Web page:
By Katie Nguyen
LONDON (AlertNet) – The number of Syrians in need of aid may be growing by the day, but a coalition of UK charities that raises funds for crises has yet to ask the British public for money, because it is worried they won't donate.
The Disasters Emergency Committee (DEC), an alliance of 14 leading British aid agencies, has had "increasingly intense" discussions about a Syria appeal with members and key broadcasters since the start of the year, a DEC spokesman said.
The main issue is whether there are "reasonable grounds for concluding that a public appeal would be successful" - the last of three criteria for issuing a DEC appeal.
One concern is that media coverage of the two-year conflict is not as prominent as before, DEC spokesman Brendan Paddy said, adding that when Syria did make the headlines, the focus was less on humanitarian needs and more on fighting and politics.
He said another problem was the difficulty in reaching the worst-affected people.
"It would be amazing to be able to show people the conditions of the displaced people inside Syria, but actually for both operational and security reasons it's really difficult," Paddy told AlertNet.
"For those reasons, we are still having a discussion, particularly with partners but we're also talking to members about ... how we tell that story and how confident we can be that we will see a high level of public support for any appeal."
The DEC appeal is the only one if its kind in Britain, and the last one – for East Africa’s hunger crisis in 2011 – raised 71 million pounds ($107 million).
In Syria, four million people were in need of aid late last year, and the situation has since deteriorated because of shelling, inflation and shortages of food and medicine, the most senior U.N. humanitarian official Valerie Amos said last week.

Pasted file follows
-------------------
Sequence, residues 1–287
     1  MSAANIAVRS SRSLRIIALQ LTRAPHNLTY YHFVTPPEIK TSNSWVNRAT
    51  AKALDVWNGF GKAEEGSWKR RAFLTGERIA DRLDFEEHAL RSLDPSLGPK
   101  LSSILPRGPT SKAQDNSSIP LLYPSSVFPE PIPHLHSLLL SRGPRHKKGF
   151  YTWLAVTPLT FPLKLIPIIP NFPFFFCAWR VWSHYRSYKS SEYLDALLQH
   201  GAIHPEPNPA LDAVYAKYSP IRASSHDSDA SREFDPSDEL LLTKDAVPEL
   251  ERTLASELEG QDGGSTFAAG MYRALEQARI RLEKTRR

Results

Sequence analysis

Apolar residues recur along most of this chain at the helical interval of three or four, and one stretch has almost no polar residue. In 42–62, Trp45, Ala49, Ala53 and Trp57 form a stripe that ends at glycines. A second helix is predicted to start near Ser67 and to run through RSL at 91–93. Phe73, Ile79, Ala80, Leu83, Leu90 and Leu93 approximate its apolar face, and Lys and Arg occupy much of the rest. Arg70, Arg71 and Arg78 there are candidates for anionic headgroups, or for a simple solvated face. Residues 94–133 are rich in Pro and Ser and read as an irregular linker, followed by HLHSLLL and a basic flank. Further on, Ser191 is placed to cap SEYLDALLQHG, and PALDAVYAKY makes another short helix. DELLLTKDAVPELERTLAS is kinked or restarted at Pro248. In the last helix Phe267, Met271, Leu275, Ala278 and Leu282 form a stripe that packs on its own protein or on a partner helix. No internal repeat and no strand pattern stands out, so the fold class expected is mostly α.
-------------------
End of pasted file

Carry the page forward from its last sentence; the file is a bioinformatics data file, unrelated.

Some 70,000 people have been killed in the nearly two-year-old uprising against President Bashar al-Assad, which has also made refugees of 860,000 Syrians, according to the United Nations.
The head of the British Red Cross spoke last week of the urgent need to scale up the humanitarian response in Syria where aid is getting through to only 35-40 percent of the people that need it. The charity is one of 10 DEC member agencies which has launched its own separate appeal for Syria.
Several aid officials contacted by AlertNet said the sticking point to a joint DEC Syria appeal appeared to be reservations UK broadcasters had about one, especially the BBC.
When the DEC launches an appeal, it enlists the help of the BBC and another broadcaster, ITN, to produce an appeal package which is presented by a celebrity and aired in a prime-time slot. There are also radio appeals and the public can also make donations at high street banks and post offices.
DEC's Paddy declined to comment on the position of the BBC, which was criticised in 2009 for refusing to broadcast a DEC appeal for the survivors of Israel's offensive in Gaza.
At the time the BBC and Sky, another UK-based broadcaster, said they did not want to be seen to favour either side of the conflict.
Contacted by AlertNet, a BBC spokesperson said: "At this time the BBC has not received an official request to run a DEC appeal for Syria. However, we remain in regular dialogue with the DEC and are keeping the situation in Syria under daily review."
"We are convinced of the severity of the needs," said Islamic Relief spokesman Martin Cottingham.
"We've visited Syrian refugee camps inside the country relatively recently, within the last couple of weeks. We have provided information from that to the DEC to try to help put the case for an appeal."
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